Weeks later, he guided his school, the West Texas A&M University to their first Lone Star Conference Championship title at Lubbock, Texas. In that race, he set another record. He won the race on 6.61s – two seconds shy of his previous time at the start of the year. The win meant he would defend the 60m title he won a year earlier. A few hours later, the former University of Ghana student returned to the track to break the school and LSC record and set a Personal Best in the 200-meters out of Lane 6.
Originally a 100m sprinter, smashing his personal best and winning the 200m race was a shiny feather in his cap.
So on March 26, 2021, when he stepped on the track for an Olympic qualifier in the 100m race, all eyes were on him. He looked focused. His eyes well set on the finish line – where everything matters. After the gun went, he tore away from the other athletes and finished with a 9.97s win in superb fashion – obliterating a 22-year national record set by Leo Myles-Mills. Myles-Mills’ record stood at 9.98s.
In the grand scheme of things, the 23-year-old is now Ghana’s fastest man and now sits atop of the many greats to have run for the country years before. A list of ultimately talented runners that has names like the mercurial Aziz Zakari, Eric Nkansah, Emmanuel Tuffour and Ernest Obeng whose 10.21 record was set in 1980.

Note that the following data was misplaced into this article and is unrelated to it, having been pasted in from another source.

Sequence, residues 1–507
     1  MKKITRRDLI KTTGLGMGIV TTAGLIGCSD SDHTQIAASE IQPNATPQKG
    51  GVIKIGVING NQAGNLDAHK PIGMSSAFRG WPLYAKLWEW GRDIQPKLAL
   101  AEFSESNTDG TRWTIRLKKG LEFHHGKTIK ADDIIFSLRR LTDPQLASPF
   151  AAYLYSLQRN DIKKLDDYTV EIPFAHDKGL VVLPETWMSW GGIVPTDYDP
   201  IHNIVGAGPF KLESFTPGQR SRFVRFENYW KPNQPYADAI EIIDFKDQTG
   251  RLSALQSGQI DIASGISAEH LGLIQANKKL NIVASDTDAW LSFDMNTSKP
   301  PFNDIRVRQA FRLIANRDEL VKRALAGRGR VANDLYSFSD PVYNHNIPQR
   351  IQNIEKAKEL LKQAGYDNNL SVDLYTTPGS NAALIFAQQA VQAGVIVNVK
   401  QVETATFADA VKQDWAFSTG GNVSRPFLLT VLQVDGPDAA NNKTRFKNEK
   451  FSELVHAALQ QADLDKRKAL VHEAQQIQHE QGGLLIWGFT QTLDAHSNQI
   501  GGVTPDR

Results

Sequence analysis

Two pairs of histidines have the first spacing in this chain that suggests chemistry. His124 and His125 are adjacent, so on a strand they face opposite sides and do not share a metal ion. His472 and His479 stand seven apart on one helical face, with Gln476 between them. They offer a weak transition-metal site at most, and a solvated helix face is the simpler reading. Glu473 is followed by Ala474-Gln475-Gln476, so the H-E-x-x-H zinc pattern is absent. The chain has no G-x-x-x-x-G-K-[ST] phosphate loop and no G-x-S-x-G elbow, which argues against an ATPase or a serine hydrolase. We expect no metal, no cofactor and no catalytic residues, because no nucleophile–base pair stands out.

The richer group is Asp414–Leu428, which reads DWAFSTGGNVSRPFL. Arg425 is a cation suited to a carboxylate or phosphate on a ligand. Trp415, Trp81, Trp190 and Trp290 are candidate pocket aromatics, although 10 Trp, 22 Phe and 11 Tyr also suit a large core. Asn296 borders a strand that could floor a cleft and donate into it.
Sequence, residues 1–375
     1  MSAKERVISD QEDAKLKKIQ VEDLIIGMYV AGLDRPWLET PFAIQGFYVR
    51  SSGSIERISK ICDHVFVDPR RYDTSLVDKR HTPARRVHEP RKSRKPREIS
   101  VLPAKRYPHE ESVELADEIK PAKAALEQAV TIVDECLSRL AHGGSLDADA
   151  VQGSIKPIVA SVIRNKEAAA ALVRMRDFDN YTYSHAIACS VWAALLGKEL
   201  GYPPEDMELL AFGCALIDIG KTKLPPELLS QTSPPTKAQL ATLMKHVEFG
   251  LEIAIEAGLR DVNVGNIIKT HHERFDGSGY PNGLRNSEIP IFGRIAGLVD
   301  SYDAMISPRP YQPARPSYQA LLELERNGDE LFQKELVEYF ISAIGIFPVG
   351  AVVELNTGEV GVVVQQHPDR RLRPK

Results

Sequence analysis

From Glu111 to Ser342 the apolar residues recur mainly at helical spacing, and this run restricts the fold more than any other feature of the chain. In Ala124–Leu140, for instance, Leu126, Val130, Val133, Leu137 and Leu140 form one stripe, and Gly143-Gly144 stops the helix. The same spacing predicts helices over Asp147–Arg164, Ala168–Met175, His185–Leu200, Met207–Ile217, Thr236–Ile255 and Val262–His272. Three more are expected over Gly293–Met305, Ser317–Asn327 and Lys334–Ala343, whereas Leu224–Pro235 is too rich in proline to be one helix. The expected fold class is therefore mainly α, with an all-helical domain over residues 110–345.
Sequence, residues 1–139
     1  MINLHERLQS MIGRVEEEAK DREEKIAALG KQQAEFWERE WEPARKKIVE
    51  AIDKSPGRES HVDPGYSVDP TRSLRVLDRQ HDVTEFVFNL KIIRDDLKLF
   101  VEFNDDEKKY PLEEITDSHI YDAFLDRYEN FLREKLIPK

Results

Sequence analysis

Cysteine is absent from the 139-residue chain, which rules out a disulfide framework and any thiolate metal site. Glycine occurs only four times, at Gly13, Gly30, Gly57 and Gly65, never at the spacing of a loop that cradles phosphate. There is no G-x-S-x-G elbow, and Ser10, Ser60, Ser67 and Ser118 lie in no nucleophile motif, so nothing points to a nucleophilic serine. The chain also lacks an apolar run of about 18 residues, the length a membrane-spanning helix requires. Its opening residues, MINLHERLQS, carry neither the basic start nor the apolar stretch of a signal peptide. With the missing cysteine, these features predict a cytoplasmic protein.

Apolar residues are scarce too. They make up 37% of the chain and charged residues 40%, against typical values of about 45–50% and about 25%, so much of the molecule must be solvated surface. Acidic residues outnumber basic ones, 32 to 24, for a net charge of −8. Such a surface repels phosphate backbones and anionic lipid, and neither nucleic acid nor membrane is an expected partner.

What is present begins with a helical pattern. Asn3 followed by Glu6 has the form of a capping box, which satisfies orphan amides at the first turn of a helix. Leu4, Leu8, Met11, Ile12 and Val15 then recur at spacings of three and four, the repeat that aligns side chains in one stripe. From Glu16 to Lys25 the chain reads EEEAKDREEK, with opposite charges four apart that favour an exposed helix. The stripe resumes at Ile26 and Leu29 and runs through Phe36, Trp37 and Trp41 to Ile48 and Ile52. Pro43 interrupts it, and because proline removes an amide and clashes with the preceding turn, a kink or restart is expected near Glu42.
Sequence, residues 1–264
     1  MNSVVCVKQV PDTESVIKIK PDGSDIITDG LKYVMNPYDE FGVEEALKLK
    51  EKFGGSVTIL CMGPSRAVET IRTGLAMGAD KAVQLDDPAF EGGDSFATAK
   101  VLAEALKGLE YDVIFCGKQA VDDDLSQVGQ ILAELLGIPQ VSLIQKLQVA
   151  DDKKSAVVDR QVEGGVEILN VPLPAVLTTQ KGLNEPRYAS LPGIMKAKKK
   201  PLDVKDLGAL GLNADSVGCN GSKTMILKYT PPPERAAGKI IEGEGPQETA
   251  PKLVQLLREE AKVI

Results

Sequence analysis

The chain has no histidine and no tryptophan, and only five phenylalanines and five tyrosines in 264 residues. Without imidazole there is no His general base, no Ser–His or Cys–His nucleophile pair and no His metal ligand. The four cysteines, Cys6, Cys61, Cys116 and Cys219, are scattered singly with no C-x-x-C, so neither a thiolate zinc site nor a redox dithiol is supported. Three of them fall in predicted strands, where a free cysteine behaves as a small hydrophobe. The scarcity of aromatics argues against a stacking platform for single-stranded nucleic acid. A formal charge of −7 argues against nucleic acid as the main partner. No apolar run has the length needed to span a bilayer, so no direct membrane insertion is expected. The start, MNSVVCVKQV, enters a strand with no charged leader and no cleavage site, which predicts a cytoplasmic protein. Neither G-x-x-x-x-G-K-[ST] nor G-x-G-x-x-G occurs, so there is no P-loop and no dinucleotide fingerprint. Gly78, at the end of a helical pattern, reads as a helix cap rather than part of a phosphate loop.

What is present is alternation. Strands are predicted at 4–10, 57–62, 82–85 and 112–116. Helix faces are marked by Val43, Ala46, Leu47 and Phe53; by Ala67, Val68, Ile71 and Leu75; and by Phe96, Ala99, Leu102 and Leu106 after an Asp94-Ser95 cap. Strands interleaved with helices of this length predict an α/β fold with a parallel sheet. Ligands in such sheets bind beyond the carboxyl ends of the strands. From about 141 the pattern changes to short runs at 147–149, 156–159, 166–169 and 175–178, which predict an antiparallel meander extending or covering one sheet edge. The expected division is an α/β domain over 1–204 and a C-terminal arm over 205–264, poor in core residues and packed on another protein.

Azamati’s rise has been meteoric but it didn’t just start. It has been an arduous task from the start. A process of sleepless nights and cold training mornings. A journey that began in the plains of Akim Oda and has taken him to the University of Ghana where he read a Bachelor of Science in Marine Science, then to the African University Games in Cairo where he became the fastest University athlete on the continent and then to the African games in Rabat where together with Joseph Paul Amoah, Sean Safo Antwi and Martin Owusu Antwi won gold in the men’s 4×100 relay race.
The journey has just started for the young athlete. If he can keep his feet on the ground, Ghana will be back on the top stage in sprints again soon enough.
By: Yaw Ofosu Larbi